SUNNY BUT COLD: A deep cobalt blue sky is over Alabama this afternoon; temperatures are in the 40s over the northern counties, with 50s to the south. Another freeze is ahead tonight; most places will drop into the 20s early Thursday morning.
A warming trend begins Thursday afternoon; with ample sunshine we project a high around 60 degrees. Clouds will increase Thursday night, and a few passing showers are possible on Friday as moist air returns. The high Friday will be in the 60s.
SEVERE STORMS POSSIBLE OVER THE WEEKEND: Saturday will be a mild, breezy day with a high in the mid 70s. While a shower is possible during the morning, the most active weather will come during the afternoon and night.
A dynamic storm system with strong wind fields will approach the state, interacting with unstable air over the region. Severe storms are possible across much of the southern United States; the Storm Prediction Center has a rather large severe weather risk area defined for Saturday from east Texas and east Oklahoma through the Deep South, including pretty much all of Alabama.
New model data continues to suggest the main window for severe storms in Alabama will come from roughly 3 p.m. Saturday through 6 a.m. Sunday. All modes of severe weather will be possible, including large hail, damaging winds and a few tornadoes. We will be much more specific about the threats, timing and placement Thursday morning.
Rain amounts of 1 to 2 inches are likely, probably not enough for major flooding issues. Rain will end early Sunday across north Alabama, but the severe weather threat could linger into Sunday morning across the southern quarter of the state.
Look for gradual clearing Sunday afternoon with a high in the low 70s.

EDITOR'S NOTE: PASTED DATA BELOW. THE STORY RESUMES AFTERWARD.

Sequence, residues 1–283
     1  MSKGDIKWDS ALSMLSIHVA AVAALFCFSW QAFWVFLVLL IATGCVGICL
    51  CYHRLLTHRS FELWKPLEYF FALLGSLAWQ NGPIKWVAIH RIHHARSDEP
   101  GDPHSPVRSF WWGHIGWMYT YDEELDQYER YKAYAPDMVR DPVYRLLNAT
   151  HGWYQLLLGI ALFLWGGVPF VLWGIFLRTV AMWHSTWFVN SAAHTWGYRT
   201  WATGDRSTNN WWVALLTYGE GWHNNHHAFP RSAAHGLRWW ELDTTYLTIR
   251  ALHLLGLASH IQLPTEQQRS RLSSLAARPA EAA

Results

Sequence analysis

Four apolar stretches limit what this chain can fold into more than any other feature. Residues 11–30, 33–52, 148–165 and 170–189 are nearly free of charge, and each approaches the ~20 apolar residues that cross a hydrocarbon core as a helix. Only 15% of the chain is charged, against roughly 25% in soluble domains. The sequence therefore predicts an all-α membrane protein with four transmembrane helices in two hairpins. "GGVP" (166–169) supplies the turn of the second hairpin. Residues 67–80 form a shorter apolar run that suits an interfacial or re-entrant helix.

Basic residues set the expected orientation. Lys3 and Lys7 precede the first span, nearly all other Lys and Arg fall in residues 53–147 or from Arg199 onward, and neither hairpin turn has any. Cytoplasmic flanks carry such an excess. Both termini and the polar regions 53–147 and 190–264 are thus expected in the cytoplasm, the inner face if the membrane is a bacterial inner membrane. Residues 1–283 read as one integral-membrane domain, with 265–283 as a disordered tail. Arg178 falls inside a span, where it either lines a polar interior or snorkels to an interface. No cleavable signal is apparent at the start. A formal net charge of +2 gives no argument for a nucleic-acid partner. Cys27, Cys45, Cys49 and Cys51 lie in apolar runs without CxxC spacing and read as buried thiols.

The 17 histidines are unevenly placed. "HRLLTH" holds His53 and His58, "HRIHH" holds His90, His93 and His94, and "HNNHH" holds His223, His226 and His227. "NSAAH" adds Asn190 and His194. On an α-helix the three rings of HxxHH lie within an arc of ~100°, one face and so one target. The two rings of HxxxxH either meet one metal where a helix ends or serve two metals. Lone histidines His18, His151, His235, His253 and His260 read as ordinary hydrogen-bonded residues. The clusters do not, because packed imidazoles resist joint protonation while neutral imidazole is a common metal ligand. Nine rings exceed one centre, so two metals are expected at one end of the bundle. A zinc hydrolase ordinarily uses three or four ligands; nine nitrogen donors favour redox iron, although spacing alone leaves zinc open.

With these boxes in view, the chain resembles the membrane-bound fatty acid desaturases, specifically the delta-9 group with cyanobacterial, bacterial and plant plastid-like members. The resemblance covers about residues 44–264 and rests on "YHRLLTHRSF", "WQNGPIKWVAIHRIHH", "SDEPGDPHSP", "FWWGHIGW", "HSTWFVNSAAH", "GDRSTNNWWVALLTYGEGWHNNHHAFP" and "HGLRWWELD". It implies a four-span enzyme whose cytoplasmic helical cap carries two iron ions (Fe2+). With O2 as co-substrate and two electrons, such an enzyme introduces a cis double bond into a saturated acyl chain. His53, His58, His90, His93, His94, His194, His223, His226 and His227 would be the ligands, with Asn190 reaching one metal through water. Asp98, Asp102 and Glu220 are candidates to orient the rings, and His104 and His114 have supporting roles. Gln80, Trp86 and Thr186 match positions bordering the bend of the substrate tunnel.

NEXT WEEK: Monday and Tuesday look dry with a high in the 60s. The next round of showers and storms will move into the state Wednesday.
LOWS THIS MORNING: Here are some of the colder temperatures reported across Alabama this morning:
- Addison — 15
- Black Creek — 17
- Hamilton — 18
- Hueytown — 19
- Valley Head — 19
- Cullman — 19
- Cottondale — 20
- Decatur — 20
- Jacksonville — 21
- Bessemer — 22
- Coker — 23
- Northport — 23
STORM SURVEYS: Ten tornadoes have been identified by National Weather Service offices in Birmingham and Mobile from Sunday’s severe thunderstorms. EF-0 tornado tracks were discovered Tuesday in Autauga and Bullock counties.
ON THIS DATE IN 1962: The strongest nor’easter of this century struck the Mid-Atlantic Region on March 5-9, 1962. It is known as the “Ash Wednesday Storm” and caused more than $200 million (1962 dollars) in property damage and major coastal erosion from North Carolina to Long Island, New York. In New Jersey alone, it was estimated to have destroyed or greatly damaged 45,000 homes. The storm killed 40 people. The same storm dropped snow as far as north Alabama.
DST BEGINS: Daylight Saving Time begins Sunday; set your clocks forward one hour before you go to bed Saturday night. Sunset in Birmingham Sunday will be at 6:51 p.m.
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